No surprise that we are living in a world where resources are not equally shared, that directly applies to food. It is better not to manipulate with statistics and data, because it is easy to mislead with the analysed set of data. There is a fact - we waste food at every point of the consumption process - on agricultural land, transportation, at retailers, and households. Together with that, we waste supplementing resources like transportation costs, land, water, and fuel use, without gaining any of the benefits of feeding people. And of course, costs like labour, effort, investment, and precious resources (like water, seeds, feed, etc.) When food ends up in landfills it contributes to greenhouse gas emissions and to climate change.
Food and Agriculture organisation (FAO) makes this distinction of food loss and food waste in order to address the root causes of this problem, so everyone in the consumption line from farmers and producers to customers and retailers can help. There are a number of options of how to contribute toward the reduction of food waste on different levels, starting with policies on the state level and finishing with community initiatives and educational campaigns. How can we reduce our food waste on a personal level? Which actions can I do as an individual?
I would like to mention some actions that can be done by an individual starting today:
Try to balance your diet with no-animal-based products. The internet is full of quick healthy recipes.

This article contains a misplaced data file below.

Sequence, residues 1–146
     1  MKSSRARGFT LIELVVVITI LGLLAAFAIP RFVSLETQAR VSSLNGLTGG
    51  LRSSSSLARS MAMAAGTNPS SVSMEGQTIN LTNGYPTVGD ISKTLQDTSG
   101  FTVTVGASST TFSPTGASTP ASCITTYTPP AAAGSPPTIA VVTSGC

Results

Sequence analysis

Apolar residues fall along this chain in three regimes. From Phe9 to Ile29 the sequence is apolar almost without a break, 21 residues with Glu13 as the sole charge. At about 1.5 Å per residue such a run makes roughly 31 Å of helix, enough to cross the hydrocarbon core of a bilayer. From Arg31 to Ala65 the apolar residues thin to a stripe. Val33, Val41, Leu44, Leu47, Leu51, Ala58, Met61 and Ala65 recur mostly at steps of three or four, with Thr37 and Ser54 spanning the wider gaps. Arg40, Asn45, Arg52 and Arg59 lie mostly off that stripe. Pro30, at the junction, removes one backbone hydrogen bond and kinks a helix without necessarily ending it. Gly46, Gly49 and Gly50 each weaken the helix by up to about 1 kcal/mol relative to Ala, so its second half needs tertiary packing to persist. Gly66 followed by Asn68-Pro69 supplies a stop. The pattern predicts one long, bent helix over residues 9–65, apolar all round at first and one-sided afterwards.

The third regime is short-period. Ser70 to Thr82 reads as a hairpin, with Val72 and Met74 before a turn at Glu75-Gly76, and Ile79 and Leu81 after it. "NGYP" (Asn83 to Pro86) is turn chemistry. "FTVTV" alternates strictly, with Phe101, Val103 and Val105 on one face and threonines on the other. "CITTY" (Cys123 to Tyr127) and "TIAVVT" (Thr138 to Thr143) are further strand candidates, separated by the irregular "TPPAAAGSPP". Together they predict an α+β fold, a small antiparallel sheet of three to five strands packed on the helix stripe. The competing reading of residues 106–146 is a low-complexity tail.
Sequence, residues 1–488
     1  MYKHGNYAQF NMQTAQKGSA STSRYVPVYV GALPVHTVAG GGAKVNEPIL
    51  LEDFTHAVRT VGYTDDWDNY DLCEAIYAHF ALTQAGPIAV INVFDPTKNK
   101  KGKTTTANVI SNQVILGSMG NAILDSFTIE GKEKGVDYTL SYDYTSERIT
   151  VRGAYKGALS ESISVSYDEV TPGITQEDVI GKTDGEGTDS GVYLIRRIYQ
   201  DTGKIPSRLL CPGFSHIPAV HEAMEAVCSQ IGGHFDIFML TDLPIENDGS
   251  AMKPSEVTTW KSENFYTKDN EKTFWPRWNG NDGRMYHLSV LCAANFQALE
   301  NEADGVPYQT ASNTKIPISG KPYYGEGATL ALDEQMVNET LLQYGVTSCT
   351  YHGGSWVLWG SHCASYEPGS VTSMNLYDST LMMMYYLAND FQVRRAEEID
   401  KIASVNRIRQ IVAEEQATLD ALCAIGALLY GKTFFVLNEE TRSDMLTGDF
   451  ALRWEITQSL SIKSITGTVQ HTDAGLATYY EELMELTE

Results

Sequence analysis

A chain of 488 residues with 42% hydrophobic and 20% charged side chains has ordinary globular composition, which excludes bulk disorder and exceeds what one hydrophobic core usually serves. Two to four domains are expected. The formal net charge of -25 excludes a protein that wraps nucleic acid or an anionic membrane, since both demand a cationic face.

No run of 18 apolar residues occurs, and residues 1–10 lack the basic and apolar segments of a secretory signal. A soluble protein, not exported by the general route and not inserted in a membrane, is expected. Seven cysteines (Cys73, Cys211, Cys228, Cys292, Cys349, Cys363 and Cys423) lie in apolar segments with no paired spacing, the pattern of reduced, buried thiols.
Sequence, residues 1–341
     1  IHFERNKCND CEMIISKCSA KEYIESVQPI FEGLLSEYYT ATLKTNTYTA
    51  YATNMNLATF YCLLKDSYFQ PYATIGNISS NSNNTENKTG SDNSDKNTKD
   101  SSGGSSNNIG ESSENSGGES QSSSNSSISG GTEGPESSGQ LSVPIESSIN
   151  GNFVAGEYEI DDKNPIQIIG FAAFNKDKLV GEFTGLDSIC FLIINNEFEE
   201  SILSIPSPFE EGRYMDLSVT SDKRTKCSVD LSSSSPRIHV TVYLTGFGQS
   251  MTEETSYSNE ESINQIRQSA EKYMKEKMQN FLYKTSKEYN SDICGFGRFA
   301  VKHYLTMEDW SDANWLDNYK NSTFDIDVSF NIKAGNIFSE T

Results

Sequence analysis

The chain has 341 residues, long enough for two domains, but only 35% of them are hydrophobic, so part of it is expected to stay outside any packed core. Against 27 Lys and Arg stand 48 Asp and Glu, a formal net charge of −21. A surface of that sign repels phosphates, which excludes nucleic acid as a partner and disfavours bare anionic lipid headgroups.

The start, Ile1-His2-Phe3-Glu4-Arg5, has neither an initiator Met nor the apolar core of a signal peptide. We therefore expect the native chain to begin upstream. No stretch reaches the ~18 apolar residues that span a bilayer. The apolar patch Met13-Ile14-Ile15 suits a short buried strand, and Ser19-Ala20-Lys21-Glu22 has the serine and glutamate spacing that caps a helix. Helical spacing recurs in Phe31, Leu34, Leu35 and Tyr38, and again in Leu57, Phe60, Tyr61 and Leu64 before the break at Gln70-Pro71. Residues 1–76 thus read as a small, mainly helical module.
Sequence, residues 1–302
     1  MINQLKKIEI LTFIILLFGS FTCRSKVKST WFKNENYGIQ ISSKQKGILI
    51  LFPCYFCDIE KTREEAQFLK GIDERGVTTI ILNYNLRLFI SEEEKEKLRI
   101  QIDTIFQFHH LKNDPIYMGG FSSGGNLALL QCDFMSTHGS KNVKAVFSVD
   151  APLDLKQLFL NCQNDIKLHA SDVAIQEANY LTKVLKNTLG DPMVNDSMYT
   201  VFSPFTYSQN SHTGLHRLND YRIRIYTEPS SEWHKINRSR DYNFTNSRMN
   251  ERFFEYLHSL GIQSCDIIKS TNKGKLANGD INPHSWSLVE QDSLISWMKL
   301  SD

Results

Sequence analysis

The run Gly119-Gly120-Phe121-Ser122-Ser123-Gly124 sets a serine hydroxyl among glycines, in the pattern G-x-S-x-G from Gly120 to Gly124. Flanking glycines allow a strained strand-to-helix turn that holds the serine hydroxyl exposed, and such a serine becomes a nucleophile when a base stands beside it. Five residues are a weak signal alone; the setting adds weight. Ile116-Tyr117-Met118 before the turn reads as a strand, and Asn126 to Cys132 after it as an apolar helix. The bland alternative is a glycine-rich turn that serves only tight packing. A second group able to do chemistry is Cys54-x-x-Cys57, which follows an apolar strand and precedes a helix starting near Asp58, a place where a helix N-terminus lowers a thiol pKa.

- Buy only what you need not following advertisements and sales at the supermarket.
Plan your dinners. Make a shopping list up in front going for groceries and follow it, avoid impulsive purchases. It also saves your budget.
- Select unattractive fruit and vegetables.
Try not to judge food by its appearance, as they taste the same! Bruised fruits and vegetables are often thrown away because they don’t meet the cosmetic standards of a customer. Remember that it is possible to use mature fruits for smoothies, juices, and desserts, and in baking.
- Store food in a fridge and cupboard wisely.
That means moving older products to the front and new to the back. Have some airtight containers at home to keep open food fresh in the fridge and ensure packages are closed to stop insects from getting there. Personally, I find it really valuable advice, since some packages might stay that long that you can get "guests" there and it will be a tragedy to the whole of your cupboard. Therefore, sort your food!
- Learn how to understand food labeling.
Knowing the difference between “best before” and “use-by” dates can save products. It can be the situation that food is still safe to consume after the “best before” date, while the “use-by” date tells us when it is no longer safe.
Seeds from a pumpkin you can collect, dry, and use for cooking, for example, in salads. Very nutritious and healthy!
- Cook in a small amount at home and share big meals with others when going out.
- Value your leftovers.
If you have not eaten the meal or particular ingredient - freeze it for later or use the leftovers as an ingredient in another meal. Be creative while cooking! We should not percisely follow the recipe, it is important "to feel" products, by mixing ingredients and spices in search of a new flavor. You can always heat some leftover a second time and use it for a new dish.
- Put your food waste to use in the soil.
Instead of throwing away waste from vegetables and fruits, compost them. This way we are giving nutrients back to the soil and decreasing our personal carbon footprint.
- Read about food production.
- Buy food from local food producers with that you support family farmers and small businesses in your community.
- Search for local initiatives.
Sharing is caring - donate food that would otherwise be wasted. For instance, Apps can connect neighbours with each other as well as with local businesses, so surplus food is not thrown away but shared.
The final message from me: don’t be a perfectionist and be creative toward cooking and overall to the process of eating!